Running with an ostomy – getting ready for challenge 66

Not my best look - post run

Not my best look – post run

All my life I’ve dreamt of running a marathon, but I’ve never got round to it. There are all kinds of reasons why I’ve never signed up for one – including laziness, and the fact I’m rubbish at disciplined training regimes – but the main thing that has been holding me back has always been my IBD, and now that has all but vanished I guess I’ve run out of genuine excuses.

As you have probably gathered I’m no couch potato. Even at the height of my most serious flares I have forced myself to do exercise, sometimes with disastrous consequences, including fainting and blackouts. I’ve learnt the hard way that pushing your body to the limit when you have lost a serious amount of weight and your body is already battling to survive can be incredibly dangerous. But I have always, and will probably continue to have, had a very stupid habit of ignoring my body’s cries for help – I almost seem to be hell-bent on punishing myself for everything, even when there is no reason to.

Bend and stretch :)

Bend and stretch 🙂

I’m no fitness fanatic, but I love exercise. At times I am lazy but most of the time I live to swim, dance, run, basically anything that gives me that satisfyingly free feeling. Exercise makes me feel good about myself. And, at times, when my illness has been at its height, it has helped; mostly as a distraction from the pain, but often as just a way for me to relax and let off steam. A few years ago I swam 120 lengths every single morning (or evening). I was the fittest and most relaxed I had ever been, and I did find that it helped me to manage my illness, simply by relieving some of the stress from work – the problem is I did go a little bit over the top with it.

If you don’t believe the full extent of my pig-headed stubbornness, what follows is an example of me pushing myself to the extreme.

At the hight of my last full flare, in the year leading up to my operation, I ran The Great North Run. Yes, great idea Rachel. I struggled around the whole course, my whole body feeling like it was going to disintegrate into the tarmac. If it hadn’t have been for the amazing people who were also running for Crohn’s and Colitis UK who ran next to me, shouted words of encouragement and told me their stories, I probably would have given up a quarter of the way round. I needed the toilet constantly and had to force myself to keep running, made even harder by my injured leg wrecked by a crippling bout of cramp the night before, which left me hardly able to walk on the morning of the race.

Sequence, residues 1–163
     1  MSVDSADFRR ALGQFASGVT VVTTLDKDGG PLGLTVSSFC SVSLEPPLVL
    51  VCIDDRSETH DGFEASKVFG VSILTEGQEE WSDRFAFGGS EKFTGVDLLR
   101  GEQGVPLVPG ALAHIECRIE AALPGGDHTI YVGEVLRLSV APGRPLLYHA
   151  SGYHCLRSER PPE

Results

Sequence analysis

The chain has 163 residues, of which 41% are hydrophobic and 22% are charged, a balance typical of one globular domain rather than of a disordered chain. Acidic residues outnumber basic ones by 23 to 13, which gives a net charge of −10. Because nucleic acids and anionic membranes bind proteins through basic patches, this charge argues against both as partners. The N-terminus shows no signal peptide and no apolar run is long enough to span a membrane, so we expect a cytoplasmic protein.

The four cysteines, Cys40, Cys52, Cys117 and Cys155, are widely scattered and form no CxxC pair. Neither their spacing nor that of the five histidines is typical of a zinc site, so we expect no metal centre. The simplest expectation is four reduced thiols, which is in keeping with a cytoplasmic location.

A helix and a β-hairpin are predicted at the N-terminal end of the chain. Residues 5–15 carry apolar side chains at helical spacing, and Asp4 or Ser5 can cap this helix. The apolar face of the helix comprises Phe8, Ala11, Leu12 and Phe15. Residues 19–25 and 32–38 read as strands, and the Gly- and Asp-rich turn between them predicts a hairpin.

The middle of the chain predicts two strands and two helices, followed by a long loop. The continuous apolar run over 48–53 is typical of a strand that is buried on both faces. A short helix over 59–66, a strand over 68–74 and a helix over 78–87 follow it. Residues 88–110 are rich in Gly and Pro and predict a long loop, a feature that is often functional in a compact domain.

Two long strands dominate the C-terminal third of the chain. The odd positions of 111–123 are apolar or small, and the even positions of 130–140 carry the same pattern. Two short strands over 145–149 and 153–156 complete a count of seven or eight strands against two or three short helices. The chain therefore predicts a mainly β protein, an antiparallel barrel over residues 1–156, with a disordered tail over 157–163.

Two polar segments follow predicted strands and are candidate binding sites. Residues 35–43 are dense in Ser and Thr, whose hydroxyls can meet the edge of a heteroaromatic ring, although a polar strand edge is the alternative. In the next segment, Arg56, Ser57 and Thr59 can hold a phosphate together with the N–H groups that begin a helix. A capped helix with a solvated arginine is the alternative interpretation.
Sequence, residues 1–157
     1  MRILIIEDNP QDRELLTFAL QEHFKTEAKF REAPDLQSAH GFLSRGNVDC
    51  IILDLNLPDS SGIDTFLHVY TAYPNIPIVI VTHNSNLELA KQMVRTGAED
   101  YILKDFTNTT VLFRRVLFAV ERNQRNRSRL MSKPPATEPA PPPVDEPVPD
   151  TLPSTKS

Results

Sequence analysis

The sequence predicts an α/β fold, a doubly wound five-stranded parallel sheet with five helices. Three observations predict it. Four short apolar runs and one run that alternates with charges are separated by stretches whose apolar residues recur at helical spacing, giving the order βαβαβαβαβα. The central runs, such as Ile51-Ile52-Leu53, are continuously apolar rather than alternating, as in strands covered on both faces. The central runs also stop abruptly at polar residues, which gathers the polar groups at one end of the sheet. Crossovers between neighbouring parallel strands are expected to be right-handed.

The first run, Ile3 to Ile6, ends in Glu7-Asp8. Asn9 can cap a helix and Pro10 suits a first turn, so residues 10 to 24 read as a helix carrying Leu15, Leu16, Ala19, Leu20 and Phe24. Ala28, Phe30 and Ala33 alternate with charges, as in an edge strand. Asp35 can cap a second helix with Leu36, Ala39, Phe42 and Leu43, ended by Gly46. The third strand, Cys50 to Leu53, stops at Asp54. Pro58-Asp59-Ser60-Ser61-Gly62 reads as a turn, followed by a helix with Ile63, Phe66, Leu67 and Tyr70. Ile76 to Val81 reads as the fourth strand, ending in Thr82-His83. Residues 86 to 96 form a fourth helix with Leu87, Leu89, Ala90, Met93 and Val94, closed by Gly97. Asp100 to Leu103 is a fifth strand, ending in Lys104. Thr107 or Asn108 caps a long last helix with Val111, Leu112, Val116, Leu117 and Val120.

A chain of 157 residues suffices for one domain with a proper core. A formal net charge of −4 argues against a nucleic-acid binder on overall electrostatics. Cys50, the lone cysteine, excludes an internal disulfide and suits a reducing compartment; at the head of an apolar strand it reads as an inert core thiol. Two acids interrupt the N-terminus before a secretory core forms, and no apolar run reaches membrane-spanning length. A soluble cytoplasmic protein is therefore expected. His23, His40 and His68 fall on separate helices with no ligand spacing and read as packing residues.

Hobbling (well crawling) over the finish line was one of the proudest moments of my life. I’ve never felt so relieved. I could hardly speak, move or breathe, (and struggled for days after) but weirdly enough, despite the pain and agony, a part of me wanted to do it all over again. I guess the exhilaration and sense of achievement is addictive.

Me and sister Hannah after finishing the GNR

Me and sister Hannah after finishing the GNR

That was my first competitive run. I’ve often thought of doing another, potentially a longer one, but I just couldn’t begin to comprehend how my Colitis would cope with a run like that again. On the day of the GNR I had to do everything in my power to keep my body in order and my diarrhea at bay. Often the pain in my abdomen was agonising and it took all the will I could muster to not give up. I can’t imagine what would have happened if that had been a marathon – no number of toilets in the world would have been good enough in that situation – I would have either given up or died trying.

But now that I have my stoma things are very different. Yes, I guess I am still within the recovery period and so shouldn’t be attempting anything ridiculous, but in the past few weeks I have started to run again and it feels fantastic. I’m almost back to the fitness levels I had before, and I’m more motivated than ever. Yesterday I got up at 7.30am (yes on a Saturday) and ran 2k (I know that’s not far) averaging six-minute a Kilometre – which for me is pretty damn good. I feel happier, I’m eating better, and putting on weight, which after being so tiny for so long is a weird feeling and one that is a massive learning curve to get used to.

Ok, last year I did the Santa Dash (so a little bit of a competitive run) for The Countess of Chester BabyGrow Appeal. Which was exhausting as we were boiling in our outfits and I dragged Andy along as a lego man!!! But that’s no marathon, it’s more of a sprint.

After the Santa Dash

After the Santa Dash

But now, I’ve decided it’s time to start planning for my Challenge 66. Steady on, I hear you say, wasn’t Challenge 66 Cheese Rolling? Yes, it was, but I realised the other day that cheese rolling is part of the Visit England Challenges – massive error to duplicate challenges – so I have changed it to a marathon. Whether this was a size move remains to be seen, but it is on the list now, so as they say my fate lies with the Gods.

I’m taking this very seriously. I’ve bought myself a Garmin watch (other brands are available) and I’m going to be sharing my progress, good and bad, with you. I aim to run at least three times during the week and once at the weekend, and hope to do at least 12K every week, come rain or shine.

But I need your advice. I’m obviously going to be running for Crohns and Colitis UK, but I also want to raise cash for Ostomy Aid, so the big question is, which marathon should I do? Let me know which ones you have done and which have the best routes, atmosphere etc? I wouldn’t mind doing one abroad, as long as it isn’t too hot, cold, or humid that is. I mean I may swell get a holiday out of it, right?